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Some clients have been asking us about the Cookie Law, what it is and how it affects their business. There hasn’t been too much talk about this, and information first published by the ICO was confusing and offered little guidance on how website owners should comply.

What is a ‘Cookie’

So, first things first, what is a Cookie? Well, where websites are concerned, a Cookie is a small file consisting of letters and numbers that are written by a website and stored on the device of a user accessing it. There are many different types of cookies, some are deleted as soon as the user leaves the website, yet some remain on the device for set period of time, others remain until they are deleted manually by the user. The purpose of these small files is to monitor user behaviour, commonly used for analytics to improve website performance, or for delivering targeted advertising. Others are essential to the operation fo a website, for example, an e-commerce website uses cookies to remember what a user has placed in their shopping basket as they move from page to page on the site.

What is the ‘Cookie Law’

The ‘Cookie Law’ is a new privacy legislation that requires websites to get consent from a user prior to any files being written to or retrieved from their device. In this case a users device being used to browse the internet such as a PC, Laptop, Tablet or Mobile Phone. This new legislation was passed in the EU to make users aware about how information is collected about them by websites. The UK has now updated its Privacy and Electronic Communications Regulations to bring this EU directive into law.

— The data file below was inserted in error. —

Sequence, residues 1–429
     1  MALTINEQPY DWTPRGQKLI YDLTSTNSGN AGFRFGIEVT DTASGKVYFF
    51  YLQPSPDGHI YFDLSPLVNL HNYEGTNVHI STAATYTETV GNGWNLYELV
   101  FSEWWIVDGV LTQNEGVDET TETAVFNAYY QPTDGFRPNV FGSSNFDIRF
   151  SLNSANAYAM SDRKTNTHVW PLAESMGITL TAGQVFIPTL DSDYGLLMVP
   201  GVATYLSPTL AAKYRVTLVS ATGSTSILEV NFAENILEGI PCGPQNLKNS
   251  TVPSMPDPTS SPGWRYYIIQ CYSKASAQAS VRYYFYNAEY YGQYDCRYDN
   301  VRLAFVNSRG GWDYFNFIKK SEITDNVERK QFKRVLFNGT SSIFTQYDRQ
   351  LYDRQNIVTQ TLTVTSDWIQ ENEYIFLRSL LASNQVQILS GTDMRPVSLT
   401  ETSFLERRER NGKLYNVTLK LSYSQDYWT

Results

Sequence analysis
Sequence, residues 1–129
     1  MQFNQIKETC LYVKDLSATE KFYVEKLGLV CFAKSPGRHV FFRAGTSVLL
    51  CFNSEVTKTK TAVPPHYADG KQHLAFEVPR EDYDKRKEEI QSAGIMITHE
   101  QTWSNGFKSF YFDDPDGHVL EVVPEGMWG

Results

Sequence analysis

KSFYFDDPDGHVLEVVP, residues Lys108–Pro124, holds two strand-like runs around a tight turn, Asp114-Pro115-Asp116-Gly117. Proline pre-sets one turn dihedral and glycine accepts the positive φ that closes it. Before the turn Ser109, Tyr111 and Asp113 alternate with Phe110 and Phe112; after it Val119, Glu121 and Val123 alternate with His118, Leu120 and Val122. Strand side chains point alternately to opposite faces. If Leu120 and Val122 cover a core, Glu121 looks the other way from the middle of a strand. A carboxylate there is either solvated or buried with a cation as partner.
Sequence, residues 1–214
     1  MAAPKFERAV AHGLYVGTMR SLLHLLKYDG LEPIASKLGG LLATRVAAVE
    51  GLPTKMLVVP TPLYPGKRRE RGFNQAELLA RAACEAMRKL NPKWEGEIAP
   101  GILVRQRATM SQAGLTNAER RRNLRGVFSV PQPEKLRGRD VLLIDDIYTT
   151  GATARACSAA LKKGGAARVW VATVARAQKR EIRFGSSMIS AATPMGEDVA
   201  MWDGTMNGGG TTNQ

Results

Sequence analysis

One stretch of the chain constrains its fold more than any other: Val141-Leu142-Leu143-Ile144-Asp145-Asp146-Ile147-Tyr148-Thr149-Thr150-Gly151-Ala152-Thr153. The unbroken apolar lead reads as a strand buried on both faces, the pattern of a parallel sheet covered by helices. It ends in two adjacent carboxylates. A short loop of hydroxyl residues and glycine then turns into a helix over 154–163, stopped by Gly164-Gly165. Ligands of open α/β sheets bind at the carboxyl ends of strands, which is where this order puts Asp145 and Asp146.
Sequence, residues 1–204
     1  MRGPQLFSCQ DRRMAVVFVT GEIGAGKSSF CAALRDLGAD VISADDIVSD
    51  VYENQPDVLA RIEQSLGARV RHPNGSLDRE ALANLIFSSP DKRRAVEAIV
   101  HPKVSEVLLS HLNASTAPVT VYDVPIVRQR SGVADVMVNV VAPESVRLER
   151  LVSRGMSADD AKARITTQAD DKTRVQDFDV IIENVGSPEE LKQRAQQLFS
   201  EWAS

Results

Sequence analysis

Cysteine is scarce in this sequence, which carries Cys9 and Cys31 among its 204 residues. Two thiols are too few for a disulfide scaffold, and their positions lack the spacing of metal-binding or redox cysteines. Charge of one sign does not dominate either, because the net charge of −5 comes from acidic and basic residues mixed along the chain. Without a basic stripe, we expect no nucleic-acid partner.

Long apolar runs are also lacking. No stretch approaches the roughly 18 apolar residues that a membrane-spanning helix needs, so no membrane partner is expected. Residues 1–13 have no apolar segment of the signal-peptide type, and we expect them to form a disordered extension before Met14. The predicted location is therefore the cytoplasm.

Good and Bad Cookies

First, you would need to identify the cookies your website uses, and weather these are first party or third party cookies. First party cookies are those used by your own website and pose the least risk in terms of privacy. These are very often essential to the operation of a website, such as remembering the contents of a shopping basket on e-commerce sites. The other type is a third party cookie, which are the main reasons the new legislation was introduced. Examples of bad third party cookies are those that track user behaviour once they leave a site, monitoring the websites they visit and gather data which is then used to deliver targeted advertising based on this data. The second thing to consider is how long a Cookie remains on a users device once it’s been written. Some contain the instruction to delete themselves when a user leaves the website, where others will remain on a device for weeks, months or even years in some cases. With all this in mind, it’s a good idea to break down Cookies into categories which helps to clarify the risk they pose;

Category 1 – Strictly Necessary Cookies
These Cookies are first-party and are Zero Compliance Risk. These are Cookies that are essential to enable users to move around the website and use it’s features. Another Cookie of this type would be a ‘Session Cookie’, used for the operation of shopping baskets on e-commerce websites. Without these Cookies, key website features could not be provided.

Category 2 – Low Compliance Risk Cookies